Last night I heard a story on Free Speech Radio News about how Portland activists are rethinking local highways and transportation spending in light of the coming global climate change cataclysm (listen here). All right, they didn’t use the word cataclysm, but it’s what they meant.
The story quoted some shocking statistics, which I double checked for myself. They’re true. In 1956 there were 65 million cars and trucks on America’s roads. That number has nearly quadrupled in fifty years, to 237 million today. The Portland activists are asking whether we should keep building more highways and bridges to make it possible for more cars to move, which increases oil demand, air pollution and health problems? Or should we make better decisions that help us reduce the number of miles we have to drive?
One local economist asked, If you had $4 billion to spend on improving quality of life in our region, would you want to spend it all on this bridge?
That’s when I realized the solution to this looming highway cataclysm is in my closet.
From many years of travel I’ve learned that no matter how big a suitcase I take with me, I’ll fill it up. The solution, I discovered, is to carry a smaller suitcase and plan my trip around it. What clothes can I mix and match? How many pairs of shoes do I really need? Will I have access to a washing machine? I once heard a travel planning adviser say that you don’t need to take much formal wear on any vacation. If you get invited for dinner with the Queen, he said, you can just buy something there.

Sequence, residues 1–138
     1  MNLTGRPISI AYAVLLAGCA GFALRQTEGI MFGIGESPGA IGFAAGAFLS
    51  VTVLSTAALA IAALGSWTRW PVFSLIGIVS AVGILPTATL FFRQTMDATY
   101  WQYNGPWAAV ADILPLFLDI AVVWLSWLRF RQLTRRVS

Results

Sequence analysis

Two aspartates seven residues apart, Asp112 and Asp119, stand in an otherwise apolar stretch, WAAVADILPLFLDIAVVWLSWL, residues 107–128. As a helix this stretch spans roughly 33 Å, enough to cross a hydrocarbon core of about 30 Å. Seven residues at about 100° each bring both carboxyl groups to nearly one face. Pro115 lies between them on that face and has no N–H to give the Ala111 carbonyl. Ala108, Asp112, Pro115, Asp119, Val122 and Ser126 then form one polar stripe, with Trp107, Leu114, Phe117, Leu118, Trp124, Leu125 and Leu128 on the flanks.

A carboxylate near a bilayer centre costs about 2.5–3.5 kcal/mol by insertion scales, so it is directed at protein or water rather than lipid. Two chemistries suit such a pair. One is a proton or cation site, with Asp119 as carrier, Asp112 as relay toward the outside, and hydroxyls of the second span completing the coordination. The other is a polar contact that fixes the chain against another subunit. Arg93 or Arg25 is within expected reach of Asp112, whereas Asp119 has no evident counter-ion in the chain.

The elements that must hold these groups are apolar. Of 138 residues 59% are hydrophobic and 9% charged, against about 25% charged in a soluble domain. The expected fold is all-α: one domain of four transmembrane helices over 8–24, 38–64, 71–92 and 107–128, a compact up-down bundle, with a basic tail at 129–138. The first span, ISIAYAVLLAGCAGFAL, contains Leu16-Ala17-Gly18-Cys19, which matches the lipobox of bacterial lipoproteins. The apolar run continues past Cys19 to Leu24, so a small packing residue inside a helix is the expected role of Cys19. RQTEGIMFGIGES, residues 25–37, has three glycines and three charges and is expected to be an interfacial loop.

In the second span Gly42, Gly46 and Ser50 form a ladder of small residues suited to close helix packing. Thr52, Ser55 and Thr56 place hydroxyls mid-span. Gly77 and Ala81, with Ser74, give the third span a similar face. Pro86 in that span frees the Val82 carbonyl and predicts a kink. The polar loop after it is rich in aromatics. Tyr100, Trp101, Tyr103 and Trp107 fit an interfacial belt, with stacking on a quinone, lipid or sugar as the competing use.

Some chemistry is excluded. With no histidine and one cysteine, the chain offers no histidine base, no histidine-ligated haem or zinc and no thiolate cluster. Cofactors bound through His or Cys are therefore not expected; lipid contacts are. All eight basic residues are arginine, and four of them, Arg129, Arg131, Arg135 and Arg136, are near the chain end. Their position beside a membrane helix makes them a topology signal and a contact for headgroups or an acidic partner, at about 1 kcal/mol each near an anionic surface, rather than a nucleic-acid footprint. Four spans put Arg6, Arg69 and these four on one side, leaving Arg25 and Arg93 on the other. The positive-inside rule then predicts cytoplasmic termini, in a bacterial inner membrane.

It’s not so different with highways. Clearly, no matter how big the American road system is, we’re going to fill it up. So let’s just choose not to expand it any more, and instead make better decisions about where we build schools and job sites. Let’s spend our transportation infrastructure money on public transit and bike lanes, and line them with parks and gardens. Let’s make the distances between work and home shorter, and offer more options to get from point A to point B, like buses, subways, bike paths and walkways. Let’s make it easier for people to drive less, and even give up their cars entirely.
If you’re invited for dinner with the Queen, you can always rent a car to get there.